Somehow dishcloths were popular – the open weave type almost like a scrap string vest. 
Small packs of Omo, Persil and Daz washing powder. Vim, Brasso and scouring pads. He was there every week come rain or shine. Always had the same fingerless gloves on when counting his money.
The fruit and veg stall was always busy. Oranges, apples, pears and a lot more. 
The stallholder was from Bury, Lancashire (well, that is what it said on the side of his big Bedford van). 
He was stout in stature – always wore a long wool coat and styled himself with a flat tweed cap. 
He had a few local people working with him serving customers. He would shout and move up and down the stall: “Oranges thruppence a pound, apples tuppence a pound. Get them now while still fresh off the tree...”
At the end of the day the empty orange boxes and fine paper that wrapped the apples and pears would litter the whole area.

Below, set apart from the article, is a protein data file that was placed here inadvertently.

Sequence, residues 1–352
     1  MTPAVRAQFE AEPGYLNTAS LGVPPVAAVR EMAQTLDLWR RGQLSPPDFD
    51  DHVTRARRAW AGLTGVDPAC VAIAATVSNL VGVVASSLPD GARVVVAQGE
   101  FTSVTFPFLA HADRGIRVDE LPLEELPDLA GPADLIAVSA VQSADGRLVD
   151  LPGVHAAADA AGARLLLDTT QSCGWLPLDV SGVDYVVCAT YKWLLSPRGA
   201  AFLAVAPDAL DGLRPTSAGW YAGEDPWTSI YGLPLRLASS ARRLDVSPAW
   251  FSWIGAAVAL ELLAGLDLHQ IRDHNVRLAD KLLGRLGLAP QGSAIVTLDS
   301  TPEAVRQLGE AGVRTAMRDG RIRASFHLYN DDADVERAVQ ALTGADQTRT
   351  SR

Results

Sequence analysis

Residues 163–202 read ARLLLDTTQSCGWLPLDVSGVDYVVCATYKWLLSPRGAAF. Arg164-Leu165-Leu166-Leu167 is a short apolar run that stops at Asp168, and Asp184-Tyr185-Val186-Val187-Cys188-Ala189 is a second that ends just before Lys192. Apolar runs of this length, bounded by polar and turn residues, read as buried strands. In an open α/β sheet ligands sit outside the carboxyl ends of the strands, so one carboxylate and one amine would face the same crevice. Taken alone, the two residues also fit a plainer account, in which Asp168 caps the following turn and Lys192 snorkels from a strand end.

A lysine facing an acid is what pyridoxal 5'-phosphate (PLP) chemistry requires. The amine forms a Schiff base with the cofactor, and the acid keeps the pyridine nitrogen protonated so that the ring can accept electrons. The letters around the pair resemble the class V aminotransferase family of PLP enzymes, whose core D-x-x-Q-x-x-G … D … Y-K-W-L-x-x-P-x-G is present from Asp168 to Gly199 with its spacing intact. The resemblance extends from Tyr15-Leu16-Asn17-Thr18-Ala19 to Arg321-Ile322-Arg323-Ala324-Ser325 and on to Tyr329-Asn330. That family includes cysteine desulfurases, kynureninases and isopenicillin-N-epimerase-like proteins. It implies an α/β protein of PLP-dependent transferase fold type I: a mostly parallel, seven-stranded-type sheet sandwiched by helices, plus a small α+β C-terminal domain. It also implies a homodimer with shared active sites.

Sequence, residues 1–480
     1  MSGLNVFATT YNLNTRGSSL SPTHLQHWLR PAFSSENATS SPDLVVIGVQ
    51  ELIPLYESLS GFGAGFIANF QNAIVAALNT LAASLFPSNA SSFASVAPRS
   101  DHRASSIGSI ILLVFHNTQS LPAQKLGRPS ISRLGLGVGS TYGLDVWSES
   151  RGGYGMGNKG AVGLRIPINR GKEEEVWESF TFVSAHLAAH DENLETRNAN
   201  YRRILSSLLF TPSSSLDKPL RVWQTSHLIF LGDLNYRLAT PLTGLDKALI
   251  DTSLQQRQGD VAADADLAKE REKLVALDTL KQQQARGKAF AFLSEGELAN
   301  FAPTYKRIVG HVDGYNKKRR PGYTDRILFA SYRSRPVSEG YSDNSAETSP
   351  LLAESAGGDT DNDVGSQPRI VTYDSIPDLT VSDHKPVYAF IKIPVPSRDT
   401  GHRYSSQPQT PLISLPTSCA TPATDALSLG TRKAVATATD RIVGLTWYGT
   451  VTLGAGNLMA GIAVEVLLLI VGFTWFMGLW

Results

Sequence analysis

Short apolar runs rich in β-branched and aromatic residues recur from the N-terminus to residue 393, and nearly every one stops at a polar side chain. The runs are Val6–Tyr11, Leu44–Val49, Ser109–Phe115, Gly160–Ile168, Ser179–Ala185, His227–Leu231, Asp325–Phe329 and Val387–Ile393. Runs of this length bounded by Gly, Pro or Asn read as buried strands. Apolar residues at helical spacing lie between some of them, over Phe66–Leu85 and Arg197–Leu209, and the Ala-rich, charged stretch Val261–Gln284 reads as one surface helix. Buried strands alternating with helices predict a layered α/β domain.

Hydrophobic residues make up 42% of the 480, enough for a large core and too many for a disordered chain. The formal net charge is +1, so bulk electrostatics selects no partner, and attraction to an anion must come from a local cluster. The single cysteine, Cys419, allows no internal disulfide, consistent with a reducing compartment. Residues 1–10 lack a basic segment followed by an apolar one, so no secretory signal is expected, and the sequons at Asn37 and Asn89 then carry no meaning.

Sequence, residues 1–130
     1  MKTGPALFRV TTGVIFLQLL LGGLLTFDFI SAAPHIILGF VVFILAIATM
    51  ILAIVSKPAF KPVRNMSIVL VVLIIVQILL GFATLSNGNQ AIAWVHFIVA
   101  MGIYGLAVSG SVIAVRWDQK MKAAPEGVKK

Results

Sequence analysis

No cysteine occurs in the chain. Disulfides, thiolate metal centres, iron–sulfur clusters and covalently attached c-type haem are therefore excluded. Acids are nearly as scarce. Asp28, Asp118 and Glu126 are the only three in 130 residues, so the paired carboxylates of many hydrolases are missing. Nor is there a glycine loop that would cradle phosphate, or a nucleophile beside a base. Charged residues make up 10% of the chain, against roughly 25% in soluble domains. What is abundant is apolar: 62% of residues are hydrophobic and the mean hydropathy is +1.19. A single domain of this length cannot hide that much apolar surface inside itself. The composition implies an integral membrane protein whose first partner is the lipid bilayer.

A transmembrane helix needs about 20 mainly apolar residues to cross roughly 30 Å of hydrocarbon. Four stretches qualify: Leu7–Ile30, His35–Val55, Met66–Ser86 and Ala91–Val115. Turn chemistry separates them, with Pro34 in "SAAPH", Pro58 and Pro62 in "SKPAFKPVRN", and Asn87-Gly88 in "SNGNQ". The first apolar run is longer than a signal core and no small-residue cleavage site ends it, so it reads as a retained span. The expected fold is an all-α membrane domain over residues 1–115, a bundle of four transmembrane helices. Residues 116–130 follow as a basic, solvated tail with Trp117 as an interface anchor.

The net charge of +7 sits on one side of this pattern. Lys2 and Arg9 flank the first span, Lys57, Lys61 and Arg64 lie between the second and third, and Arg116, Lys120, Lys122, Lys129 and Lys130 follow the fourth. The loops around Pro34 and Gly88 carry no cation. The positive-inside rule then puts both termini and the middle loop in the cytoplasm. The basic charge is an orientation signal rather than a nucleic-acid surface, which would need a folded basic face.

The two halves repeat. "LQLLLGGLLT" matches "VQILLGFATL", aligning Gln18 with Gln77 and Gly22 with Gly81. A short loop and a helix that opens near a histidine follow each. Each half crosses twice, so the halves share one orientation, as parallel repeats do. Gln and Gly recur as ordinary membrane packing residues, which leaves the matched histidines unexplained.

Children who worked on the stall during the day would help cleaning up as well, and could earn 2s 6d.
That was more than enough to go to the Capitol Pictures and see a film and have sixpence of chips from Harry’s on Lawton Street, on their way home.
Curly the rug man always had a Tom Thumb cigar in his mouth and sold all kinds of carpets, rugs and strips of linoleum. What more could you wish for, when you were planning your first home?
Linoleum came in all sorts of patterns (it was all misprinted) but most people didn’t care as long as it was cheap, which it was. 
A nice rug on the top and you were as posh as anyone. 
Any scrap pieces after fitting you could use to light the fire – better than firelighters.
Alfie the coat man sold all sorts of modern three-quarter coats for the ladies, which were very fashionable at the time. 
Collar and sleeve coordination with a little fitting at the waist and a slight flare to the hips.